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And the year before the Pluto flyby, 2014 MU69, which is just dozens of miles across, finally popped up. And we’re going to send a spacecraft there.”The spacecraft will also get a distant look at a handful of other Kuiper Belt Objects that were too far off to visit.
It was a decade after scientists started looking.“We know so little about this object,” says 2014 MU69 discoverer Marc Buie, an astronomer and long-time Pluto researcher from the Southwest Research Institute (Sw RI). Those observations should still help astronomers learn about this part of the solar system that’s so hard to see from Earth.
Broadening the Hunt And as New Horizons astronomers like Buie seek to learn more about 2014 MU69 to plan the upcoming flyby, other members of the team are trying to extend the mission one more time.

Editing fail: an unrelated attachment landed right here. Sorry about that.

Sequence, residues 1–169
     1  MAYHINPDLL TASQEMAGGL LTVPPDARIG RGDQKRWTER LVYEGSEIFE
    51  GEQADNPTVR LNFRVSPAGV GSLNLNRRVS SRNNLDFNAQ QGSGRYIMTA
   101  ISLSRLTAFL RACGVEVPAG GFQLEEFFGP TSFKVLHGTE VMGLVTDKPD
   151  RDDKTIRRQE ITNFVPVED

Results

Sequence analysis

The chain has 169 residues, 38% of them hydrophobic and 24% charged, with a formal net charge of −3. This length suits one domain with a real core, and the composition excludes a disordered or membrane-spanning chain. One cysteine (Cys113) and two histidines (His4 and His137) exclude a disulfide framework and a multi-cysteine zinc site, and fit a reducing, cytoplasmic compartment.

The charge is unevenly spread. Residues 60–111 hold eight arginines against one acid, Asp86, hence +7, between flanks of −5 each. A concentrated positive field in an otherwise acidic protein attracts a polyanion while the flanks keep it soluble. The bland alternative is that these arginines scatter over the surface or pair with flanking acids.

Stern, the New Horizons mission lead, says the odds of finding yet another target are “small, but not zero.” That isn’t stopping scientists from searching. And they’ve turned to the Hubble Space Telescope once again.
The eyes of the world turned from NASA’s New Horizons spacecraft after its 2015 flyby at Pluto.
The rim of the summit depression also shows concentric fracturing.
Searching for a Time Capsule New Horizons was always intended to explore beyond Pluto.
The dwarf planet has many thousands of smaller, similarly icy neighbors in the Kuiper Belt.
Years of searching with ground-based telescopes came up empty.
Ultimately, astronomers turned to the Hubble Space Telescope’s deep gaze.
Astronomers had to find New Horizons’ next target amid a sea of brighter objects.